When do banks freeze bank accounts?
Banks freeze funds in bank accounts after they receive a garnishment order. A freeze prevents customers from accessing the funds in their accounts.
What should I do if my bank account is frozen?
If you haven’t already done so, you should seek an attorney’s help right away. If your bank freezes your account, this prohibits anyone, including you, from getting money out of the account. If you wrote checks or authorized electronic payments that have not cleared yet, they may be returned unpaid. What’s more, your bank may charge you a fee for having insufficient funds (NSF) in your account.
As soon as you find out there’s a freeze on your account, you should make arrangements to prevent outstanding checks from bouncing and prevent the imposition of NSF fees. You might want to contact the people you wrote checks to, for example, and explain that you are working with your bank to resolve the problem.
You also should tell the bank that your account has funds that are exempt from garnishment under federal law and ask that the freeze be lifted immediately. In addition, you should ask that your bank waive or refund NSF fees resulting from the freeze. If the bank refuses to release your exempt funds from the freeze, you probably have to go to court. If the judge decides that your funds are exempt, the bank will be required to lift the freeze.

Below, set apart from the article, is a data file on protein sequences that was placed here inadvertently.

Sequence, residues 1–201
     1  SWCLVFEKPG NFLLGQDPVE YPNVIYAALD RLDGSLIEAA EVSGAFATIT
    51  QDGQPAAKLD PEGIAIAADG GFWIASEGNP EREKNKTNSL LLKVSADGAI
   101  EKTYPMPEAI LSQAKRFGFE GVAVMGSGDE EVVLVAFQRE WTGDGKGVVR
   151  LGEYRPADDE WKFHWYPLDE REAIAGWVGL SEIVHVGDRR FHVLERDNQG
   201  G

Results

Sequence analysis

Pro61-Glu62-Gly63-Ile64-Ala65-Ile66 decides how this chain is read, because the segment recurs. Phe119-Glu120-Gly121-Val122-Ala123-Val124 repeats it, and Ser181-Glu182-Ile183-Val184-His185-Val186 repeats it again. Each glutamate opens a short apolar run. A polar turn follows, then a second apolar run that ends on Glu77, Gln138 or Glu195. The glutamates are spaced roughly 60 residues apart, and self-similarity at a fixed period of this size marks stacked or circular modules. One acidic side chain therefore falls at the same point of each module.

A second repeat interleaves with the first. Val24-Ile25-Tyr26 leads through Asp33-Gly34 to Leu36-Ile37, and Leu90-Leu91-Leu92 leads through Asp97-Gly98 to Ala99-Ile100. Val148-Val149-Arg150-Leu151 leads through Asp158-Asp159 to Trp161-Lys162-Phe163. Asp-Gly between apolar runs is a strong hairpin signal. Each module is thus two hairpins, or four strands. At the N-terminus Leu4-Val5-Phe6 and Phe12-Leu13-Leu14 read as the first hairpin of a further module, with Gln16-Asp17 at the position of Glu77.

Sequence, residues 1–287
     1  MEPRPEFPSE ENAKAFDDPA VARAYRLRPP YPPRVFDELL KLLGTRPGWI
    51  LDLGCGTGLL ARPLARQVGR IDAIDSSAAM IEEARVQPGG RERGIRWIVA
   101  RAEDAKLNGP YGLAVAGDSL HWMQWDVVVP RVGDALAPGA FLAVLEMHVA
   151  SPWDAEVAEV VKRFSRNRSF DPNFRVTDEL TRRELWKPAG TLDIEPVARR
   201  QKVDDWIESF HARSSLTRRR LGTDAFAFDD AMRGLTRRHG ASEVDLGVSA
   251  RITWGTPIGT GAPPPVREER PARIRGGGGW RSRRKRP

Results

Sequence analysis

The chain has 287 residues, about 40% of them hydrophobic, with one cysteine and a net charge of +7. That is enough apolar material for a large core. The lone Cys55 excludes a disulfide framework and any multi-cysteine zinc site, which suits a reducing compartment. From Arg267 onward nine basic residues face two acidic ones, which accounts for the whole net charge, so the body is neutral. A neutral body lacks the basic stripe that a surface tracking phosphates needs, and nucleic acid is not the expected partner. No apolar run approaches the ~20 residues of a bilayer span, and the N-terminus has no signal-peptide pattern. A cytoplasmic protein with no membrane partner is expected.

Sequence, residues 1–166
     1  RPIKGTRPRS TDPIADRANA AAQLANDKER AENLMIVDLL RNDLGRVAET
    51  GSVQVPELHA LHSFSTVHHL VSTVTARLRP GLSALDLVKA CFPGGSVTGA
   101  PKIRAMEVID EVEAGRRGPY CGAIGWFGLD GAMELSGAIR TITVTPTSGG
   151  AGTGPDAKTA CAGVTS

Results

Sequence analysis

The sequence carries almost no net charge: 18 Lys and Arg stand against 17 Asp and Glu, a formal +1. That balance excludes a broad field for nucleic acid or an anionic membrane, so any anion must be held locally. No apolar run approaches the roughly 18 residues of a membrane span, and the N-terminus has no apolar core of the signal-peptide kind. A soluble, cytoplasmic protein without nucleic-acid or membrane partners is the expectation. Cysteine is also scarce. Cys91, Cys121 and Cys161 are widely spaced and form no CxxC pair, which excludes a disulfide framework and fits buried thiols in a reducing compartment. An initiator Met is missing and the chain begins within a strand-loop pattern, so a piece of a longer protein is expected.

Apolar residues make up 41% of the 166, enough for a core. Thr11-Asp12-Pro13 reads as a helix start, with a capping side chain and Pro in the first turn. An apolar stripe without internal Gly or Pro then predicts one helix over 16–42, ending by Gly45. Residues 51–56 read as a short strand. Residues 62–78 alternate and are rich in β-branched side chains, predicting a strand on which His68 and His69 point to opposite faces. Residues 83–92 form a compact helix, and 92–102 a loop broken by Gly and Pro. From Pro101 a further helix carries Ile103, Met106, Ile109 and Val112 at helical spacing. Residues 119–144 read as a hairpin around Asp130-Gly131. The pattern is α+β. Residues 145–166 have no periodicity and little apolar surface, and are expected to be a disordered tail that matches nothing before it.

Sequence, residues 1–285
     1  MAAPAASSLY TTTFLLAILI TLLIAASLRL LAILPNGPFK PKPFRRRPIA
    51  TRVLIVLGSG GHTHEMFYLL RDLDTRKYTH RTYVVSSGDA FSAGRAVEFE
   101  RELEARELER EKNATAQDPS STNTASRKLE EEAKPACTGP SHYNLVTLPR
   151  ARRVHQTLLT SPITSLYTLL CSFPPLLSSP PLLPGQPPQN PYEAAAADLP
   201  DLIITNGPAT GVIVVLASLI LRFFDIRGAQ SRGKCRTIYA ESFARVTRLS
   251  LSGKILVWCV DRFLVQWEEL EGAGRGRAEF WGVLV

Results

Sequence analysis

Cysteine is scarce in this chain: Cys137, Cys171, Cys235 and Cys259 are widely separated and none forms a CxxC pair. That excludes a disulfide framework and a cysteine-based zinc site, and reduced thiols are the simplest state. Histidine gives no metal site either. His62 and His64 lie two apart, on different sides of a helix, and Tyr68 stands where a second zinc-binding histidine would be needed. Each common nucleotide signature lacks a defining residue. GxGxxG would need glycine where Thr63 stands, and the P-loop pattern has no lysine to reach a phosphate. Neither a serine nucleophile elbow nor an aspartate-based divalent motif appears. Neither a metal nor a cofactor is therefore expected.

What do I have to do to get the judge to keep creditors from obtaining the exempt funds in my bank account?
You or your attorney will want the judge to decide that the funds in your bank account are exempt under federal law. This will usually involve a hearing before a judge. You should be prepared to submit any documentation that you have showing that your bank account contains exempt funds. If the federal government provided your benefits through electronic deposits, you should submit documents showing these deposits and their source. If the federal government provided your benefits through paper checks you deposited in the bank, you should submit bank deposit slips, statements from the agency that is the source of the exempt funds, bank account statements, or other documents demonstrating that the account contains exempt funds. If you can show the judge that your bank account contains funds exempt under federal law, the judge will not allow the creditor to obtain these funds to pay the judgment against you (or to collect these funds as fees).
What should I do next if the judge issues an order saying that funds in my bank account are exempt?
You should show the judge’s order to your bank and demand that the bank lift its freeze on your exempt funds, if it has not already done so. In addition, you should ask your bank to waive or refund any NSF or other fees resulting from the freeze.